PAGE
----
After two years and more than $85 million in renovations, prominent figures reopened the Smithsonian National Museum of American History to the public on Friday with more treasures from America’s past.
More than 100 people gathered in front of the museum before the doors opened at 10 a.m. for the ribbon-cutting ceremony, which included former Secretary of State Colin Powell reading Lincoln’s Gettysburg Address.
“I was exploding this morning with excitement,” said Eleanor Young, a former professor at Maryland, who has volunteered at the visitor information center for 10 years.
Young and other volunteers and employees gathered early in the morning to prepare for the day. Many had not yet seen the finished result, but all of them were equipped with specific training for the new museum.
Like many other volunteers who had worked for the museum, Young volunteered elsewhere when it was closed for renovation. Now Young said she feels like she is back home.
On Wednesday, President George W. Bush and first lady Laura Bush dedicated the museum before its public debut, highlighting the reopening of many of its famous exhibits including George Washington’s military uniform, one of Thomas Edison’s first light bulbs, the desk where Thomas Jefferson drafted the Declaration of Independence and Muhammad Ali’s boxing gloves – all of which Bush called a “reminder of our country’s proud history.”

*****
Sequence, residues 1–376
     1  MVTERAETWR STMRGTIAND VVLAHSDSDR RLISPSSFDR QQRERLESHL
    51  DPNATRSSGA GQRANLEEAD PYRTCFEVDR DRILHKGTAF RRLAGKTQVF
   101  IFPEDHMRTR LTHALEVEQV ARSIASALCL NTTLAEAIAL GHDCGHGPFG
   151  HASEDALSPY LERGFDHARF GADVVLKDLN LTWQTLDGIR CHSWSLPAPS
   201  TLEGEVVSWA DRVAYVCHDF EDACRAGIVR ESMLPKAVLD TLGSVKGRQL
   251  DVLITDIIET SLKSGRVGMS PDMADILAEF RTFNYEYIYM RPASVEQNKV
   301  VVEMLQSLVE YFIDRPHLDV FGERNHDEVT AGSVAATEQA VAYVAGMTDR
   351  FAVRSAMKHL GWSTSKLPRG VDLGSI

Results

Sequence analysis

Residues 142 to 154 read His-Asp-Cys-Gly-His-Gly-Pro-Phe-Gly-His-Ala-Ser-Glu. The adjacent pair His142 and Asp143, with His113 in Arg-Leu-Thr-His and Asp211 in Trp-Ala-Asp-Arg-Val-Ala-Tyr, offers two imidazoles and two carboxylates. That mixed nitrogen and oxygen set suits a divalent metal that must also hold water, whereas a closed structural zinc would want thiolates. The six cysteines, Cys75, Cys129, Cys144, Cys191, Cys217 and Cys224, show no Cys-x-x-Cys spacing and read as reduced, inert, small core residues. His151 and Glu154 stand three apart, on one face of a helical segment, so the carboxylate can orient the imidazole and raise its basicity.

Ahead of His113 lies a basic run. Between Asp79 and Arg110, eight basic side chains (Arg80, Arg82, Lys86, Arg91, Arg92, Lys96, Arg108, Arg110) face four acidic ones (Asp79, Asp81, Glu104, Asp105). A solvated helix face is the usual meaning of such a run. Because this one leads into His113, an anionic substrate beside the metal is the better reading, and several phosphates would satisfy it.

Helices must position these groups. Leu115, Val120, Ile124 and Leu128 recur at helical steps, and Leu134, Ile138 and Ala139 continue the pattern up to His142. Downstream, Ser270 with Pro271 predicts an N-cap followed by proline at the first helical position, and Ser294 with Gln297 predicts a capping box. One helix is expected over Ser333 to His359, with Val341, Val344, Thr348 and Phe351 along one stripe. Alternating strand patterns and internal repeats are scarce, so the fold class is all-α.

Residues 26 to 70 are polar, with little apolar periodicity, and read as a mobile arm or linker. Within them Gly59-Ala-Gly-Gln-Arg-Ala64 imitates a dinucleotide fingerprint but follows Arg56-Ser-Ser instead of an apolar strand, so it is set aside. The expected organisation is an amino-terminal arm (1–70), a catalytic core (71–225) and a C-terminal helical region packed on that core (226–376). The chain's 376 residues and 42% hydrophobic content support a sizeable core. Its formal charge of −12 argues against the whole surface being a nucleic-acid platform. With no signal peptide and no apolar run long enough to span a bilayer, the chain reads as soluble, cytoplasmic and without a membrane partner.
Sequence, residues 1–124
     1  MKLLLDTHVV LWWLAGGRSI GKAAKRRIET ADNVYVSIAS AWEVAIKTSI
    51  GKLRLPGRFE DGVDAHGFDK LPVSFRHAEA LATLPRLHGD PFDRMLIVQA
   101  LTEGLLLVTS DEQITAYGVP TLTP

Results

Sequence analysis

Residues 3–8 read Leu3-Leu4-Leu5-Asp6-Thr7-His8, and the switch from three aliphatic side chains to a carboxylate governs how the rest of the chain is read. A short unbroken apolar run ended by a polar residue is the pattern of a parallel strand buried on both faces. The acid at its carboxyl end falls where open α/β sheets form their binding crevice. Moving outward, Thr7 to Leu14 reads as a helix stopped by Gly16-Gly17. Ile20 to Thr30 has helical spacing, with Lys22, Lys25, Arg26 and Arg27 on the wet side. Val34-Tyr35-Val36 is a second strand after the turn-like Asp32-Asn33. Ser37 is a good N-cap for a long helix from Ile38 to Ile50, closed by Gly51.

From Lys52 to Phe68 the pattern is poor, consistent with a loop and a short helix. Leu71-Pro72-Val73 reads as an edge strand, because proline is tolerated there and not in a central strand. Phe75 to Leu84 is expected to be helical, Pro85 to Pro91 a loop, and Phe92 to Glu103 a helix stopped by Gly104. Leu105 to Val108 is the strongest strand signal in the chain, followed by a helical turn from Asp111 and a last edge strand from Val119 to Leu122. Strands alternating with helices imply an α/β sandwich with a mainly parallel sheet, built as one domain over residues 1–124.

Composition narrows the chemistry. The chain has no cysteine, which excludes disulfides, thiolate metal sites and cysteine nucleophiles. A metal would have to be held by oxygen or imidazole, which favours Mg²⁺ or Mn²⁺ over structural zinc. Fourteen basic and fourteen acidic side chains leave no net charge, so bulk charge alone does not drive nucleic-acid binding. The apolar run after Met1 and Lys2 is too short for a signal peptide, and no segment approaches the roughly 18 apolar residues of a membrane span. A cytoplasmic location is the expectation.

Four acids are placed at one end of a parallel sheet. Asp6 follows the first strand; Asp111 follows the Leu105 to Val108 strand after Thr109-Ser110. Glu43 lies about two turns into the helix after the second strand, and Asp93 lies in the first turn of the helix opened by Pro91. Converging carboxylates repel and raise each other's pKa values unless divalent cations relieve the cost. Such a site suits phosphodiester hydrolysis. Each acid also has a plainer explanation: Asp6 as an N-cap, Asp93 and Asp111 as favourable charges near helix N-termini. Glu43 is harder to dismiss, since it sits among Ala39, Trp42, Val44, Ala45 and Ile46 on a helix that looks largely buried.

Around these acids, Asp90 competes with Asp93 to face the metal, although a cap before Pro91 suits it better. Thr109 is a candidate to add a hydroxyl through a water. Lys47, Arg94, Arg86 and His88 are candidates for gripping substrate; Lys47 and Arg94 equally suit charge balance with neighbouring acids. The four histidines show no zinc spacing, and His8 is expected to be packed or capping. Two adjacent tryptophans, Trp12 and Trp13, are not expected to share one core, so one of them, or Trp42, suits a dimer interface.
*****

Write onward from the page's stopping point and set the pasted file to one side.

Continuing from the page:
When the doors finally opened to the public Friday morning, visitors flooded into the newly renovated center of the museum where one woman asked a security guard how long the museum had been closed.
“Two years,” he replied. “Two years too long.”
Re-enactors like George Washington and Dorothy from “The Wizard of Oz.” were stationed throughout the museum to engage the public in American history.